The effect of salinity stress on Na+, K+ concentration, Na+/K+ ratio, electrolyte leakage and HKT expression profile in roots of Aeluropus littoralis

Document Type : Original research paper


1 Department of Plant Biotechnology, University of Jahrom, Iran

2 Department of Plant Breeding and Biotechnology, Ferdowsi University of Mashhad, Iran

3 Institute of Biotechnology, Collage of Agriculture, Shiraz University, Iran

4 Department of Plant Breeding and Biotechnology, Shirvan University, Iran


Among abiotic stresses, salinity has been increasing over the time for many reasons like using chemical fertilizers, global warming and rising sea levels. Under salinity stress, the loss of water availability, toxicity of Na+ and ion imbalance directly reduces carbon fixation and biomass production in plants. K+ is a major agent that can counteract Na+ stresses, thus the potential of plants to tolerate salinity is strongly dependent on their potassium nutrition. HKTs (High-affinity K+ Transporters) are a family of transporters that mediate Na+-specific or Na+-K+ transport and play a key role in the regulation of ion homeostasis. In this study, we intended to focus on Electrolyte Leakage, ratio of K+/Na+, transcriptomic responses of a subclass two HKT in the roots of Aeluropus littoralis under salt stress. We investigated a noticeably different expression pattern over studied time points and found a snappy increase of AlHKT and rebalance of K+ concentration. It can be suggested that the early and high response of a Na+-K+ coupled transporter acted as a part of A. littoralis salt tolerance.


[1]      Ahmad, I. and Maathuis, F. J. 2014. Cellular and tissue distribution of potassium: physiological relevance, mechanisms and regulation. Journal of plant physiology 171(9): 708-714.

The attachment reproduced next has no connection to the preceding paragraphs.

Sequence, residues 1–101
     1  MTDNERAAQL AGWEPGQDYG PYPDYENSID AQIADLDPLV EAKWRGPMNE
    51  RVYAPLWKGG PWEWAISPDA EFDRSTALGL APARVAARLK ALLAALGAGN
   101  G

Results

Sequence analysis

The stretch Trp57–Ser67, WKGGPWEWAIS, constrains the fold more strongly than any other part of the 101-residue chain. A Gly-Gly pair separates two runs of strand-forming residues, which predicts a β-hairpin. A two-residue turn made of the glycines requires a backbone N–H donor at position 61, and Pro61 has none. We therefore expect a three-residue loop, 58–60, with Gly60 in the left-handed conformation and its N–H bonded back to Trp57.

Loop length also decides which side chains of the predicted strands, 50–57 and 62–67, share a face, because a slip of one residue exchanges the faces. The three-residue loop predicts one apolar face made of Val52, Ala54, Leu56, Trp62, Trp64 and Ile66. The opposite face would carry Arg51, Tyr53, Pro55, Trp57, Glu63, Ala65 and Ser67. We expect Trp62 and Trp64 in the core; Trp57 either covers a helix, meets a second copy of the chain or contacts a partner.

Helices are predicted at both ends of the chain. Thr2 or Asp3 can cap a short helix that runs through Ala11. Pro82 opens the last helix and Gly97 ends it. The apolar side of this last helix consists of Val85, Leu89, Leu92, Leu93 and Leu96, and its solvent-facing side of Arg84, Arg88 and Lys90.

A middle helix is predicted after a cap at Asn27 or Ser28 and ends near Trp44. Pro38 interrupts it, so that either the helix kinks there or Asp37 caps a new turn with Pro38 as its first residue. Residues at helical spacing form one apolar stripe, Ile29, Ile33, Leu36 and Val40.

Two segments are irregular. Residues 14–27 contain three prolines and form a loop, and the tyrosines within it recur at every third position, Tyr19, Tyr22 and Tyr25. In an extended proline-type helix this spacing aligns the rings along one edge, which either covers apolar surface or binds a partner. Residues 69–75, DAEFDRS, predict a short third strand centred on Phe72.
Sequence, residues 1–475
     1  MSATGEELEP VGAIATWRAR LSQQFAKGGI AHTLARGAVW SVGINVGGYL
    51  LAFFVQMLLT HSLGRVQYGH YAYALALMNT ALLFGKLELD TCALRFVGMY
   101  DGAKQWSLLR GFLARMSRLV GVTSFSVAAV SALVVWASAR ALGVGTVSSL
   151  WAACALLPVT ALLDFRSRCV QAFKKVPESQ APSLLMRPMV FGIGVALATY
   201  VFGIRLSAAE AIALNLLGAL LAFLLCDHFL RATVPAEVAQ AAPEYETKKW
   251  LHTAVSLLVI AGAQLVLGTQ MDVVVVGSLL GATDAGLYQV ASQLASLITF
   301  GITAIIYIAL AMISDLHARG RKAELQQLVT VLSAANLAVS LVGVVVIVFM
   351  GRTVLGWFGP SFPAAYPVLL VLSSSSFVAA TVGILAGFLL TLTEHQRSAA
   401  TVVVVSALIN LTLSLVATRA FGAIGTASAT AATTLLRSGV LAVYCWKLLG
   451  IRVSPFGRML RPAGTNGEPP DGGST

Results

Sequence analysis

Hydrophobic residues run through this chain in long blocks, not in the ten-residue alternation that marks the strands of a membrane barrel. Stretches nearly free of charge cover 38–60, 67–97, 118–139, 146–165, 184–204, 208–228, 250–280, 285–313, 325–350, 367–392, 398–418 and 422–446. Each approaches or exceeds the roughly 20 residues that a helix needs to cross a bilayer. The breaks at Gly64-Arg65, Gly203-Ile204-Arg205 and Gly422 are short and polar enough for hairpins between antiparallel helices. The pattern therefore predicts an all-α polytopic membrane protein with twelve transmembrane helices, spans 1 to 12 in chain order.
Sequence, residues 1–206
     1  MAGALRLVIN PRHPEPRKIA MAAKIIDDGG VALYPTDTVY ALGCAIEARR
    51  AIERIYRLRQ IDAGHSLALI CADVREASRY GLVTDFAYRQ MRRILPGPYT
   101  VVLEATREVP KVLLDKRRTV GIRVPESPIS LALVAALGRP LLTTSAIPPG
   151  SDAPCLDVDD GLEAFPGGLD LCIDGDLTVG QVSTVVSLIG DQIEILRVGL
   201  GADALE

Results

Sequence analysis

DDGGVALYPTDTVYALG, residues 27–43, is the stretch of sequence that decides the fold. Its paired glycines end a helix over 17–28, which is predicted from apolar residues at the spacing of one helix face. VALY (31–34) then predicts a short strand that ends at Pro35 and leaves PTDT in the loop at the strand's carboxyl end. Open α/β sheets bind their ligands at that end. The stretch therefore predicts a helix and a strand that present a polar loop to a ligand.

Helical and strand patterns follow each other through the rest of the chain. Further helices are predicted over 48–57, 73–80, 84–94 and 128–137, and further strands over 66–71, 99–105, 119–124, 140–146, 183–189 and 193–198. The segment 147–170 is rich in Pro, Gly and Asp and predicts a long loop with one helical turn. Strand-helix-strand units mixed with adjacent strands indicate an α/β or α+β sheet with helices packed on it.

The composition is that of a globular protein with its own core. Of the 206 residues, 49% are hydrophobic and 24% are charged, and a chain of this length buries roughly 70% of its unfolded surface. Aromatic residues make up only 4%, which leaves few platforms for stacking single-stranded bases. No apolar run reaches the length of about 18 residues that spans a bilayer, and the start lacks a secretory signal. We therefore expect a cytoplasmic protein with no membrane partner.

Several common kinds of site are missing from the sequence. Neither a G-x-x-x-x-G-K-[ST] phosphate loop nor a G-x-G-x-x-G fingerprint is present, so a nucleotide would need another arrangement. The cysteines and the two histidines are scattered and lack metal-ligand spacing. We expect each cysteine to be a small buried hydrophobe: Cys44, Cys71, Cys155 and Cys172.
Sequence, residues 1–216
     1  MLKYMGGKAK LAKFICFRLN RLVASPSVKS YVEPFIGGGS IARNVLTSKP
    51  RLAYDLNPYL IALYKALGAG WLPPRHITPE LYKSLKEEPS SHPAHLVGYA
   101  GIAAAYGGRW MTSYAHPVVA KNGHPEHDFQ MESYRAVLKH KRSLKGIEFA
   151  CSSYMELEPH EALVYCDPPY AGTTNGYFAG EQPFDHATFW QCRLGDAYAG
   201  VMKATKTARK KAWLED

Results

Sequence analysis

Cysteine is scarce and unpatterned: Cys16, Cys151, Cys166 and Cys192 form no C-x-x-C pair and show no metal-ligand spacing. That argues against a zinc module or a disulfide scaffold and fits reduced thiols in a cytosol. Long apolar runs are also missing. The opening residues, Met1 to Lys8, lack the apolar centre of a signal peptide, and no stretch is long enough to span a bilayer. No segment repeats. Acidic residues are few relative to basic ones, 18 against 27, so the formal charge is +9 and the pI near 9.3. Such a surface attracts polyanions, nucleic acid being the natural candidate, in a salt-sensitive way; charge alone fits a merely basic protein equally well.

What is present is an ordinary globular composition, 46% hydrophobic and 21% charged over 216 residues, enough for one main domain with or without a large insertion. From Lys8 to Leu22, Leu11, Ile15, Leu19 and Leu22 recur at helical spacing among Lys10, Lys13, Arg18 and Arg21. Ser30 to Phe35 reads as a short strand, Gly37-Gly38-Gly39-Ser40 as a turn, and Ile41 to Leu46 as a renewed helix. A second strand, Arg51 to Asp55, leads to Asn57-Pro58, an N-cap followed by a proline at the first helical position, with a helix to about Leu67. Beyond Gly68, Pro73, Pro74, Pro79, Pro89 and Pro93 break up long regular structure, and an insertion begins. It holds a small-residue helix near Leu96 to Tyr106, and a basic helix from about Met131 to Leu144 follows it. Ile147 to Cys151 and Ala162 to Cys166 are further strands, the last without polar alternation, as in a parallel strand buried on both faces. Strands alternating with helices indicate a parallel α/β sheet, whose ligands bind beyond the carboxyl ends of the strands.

[2]      Babgohari, M. Z., Niazi, A., Moghadam, A. A., Deihimi, T. and Ebrahimie, E. 2013. Genome-wide analysis of key salinity-tolerance transporter (HKT1; 5) in wheat and wild wheat relatives (A and D genomes). In Vitro Cellular & Developmental Biology-Plant 49(2): 97-106.
[3]      Bañuelos, M. A., Haro, R., Fraile-Escanciano, A. and Rodríguez-Navarro, A. 2008. Effects of polylinker uATGs on the function of grass HKT1 transporters expressed in yeast cells. Plant and cell physiology 49(7): 1128-1132.
[4]      Barhoumi, Z., Djebali, W., Smaoui, A., Chaïbi, W. and Abdelly, C. 2007. Contribution of NaCl excretion to salt resistance of Aeluropus littoralis (Willd) Parl. Journal of plant physiology 164(7): 842-850.
[5]      Barkla, B. J. and Blumwald, E. 1991. Identification of a 170-kDa protein associated with the vacuolar Na+/H+ antiport of Beta vulgaris. Proceedings of the National Academy of Sciences 88(24): 11177-11181.
[6]      Benito, B., Haro, R., Amtmann, A., Cuin, T. A. and Dreyer, I. 2014. The twins K+ and Na+ in plants. Journal of plant physiology 171(9): 723-731.
[7]      Berthomieu, P., Conéjéro, G., Nublat, A., Brackenbury, W. J., Lambert, C., Savio, C., Uozumi, N., Oiki, S., Yamada, K. and Cellier, F. 2003. Functional analysis of AtHKT1 in Arabidopsis shows that Na+ recirculation by the phloem is crucial for salt tolerance. The EMBO Journal 22(9): 2004-2014.
[8]      Chen, Z., Zhou, M., Newman, I. A., Mendham, N. J., Zhang, G. and Shabala, S. 2007. Potassium and sodium relations in salinised barley tissues as a basis of differential salt tolerance. Functional Plant Biology 34(2): 150-162.
[9]      Cramer, G. R., Lynch, J., Läuchli, A. and Epstein, E. 1987. Influx of Na+, K+, and Ca2+ into roots of salt-stressed cotton seedlings effects of supplemental Ca2+. Plant Physiology 83(3): 510-516.
[10]    Datta, K. and Datta, S. K. (2006). Indica rice (Oryza sativa, BR29 and IR64). Agrobacterium Protocols, Springer: 201-212.
[11]    Enders, A. and Lehmann, J. 2012. Comparison of wet-digestion and dry-ashing methods for total elemental analysis of biochar. Communications in soil science and plant analysis 43(7): 1042-1052.
[12]    Evans, H. J. and Sorger, G. J. 1966. Role of mineral elements with emphasis on the univalent cations. Annual review of plant physiology 17(1): 47-76.
[13]    Garciadeblas, B., Benito, B. and Rodríguez-Navarro, A. 2002. Molecular cloning and functional expression in bacteria of the potassium transporters CnHAK1 and CnHAK2 of the seagrass Cymodocea nodosa. Plant molecular biology 50(4-5): 623-633.
[14]    Gierth, M. and Mäser, P. 2007. Potassium transporters in plants–involvement in K+ acquisition, redistribution and homeostasis. FEBS letters 581(12): 2348-2356.
[15]    Gregorio, G. B., Senadhira, D. and Mendoza, R. D. 1997. Screening rice for salinity tolerance. International Rice Research Institute discussion paper series (22).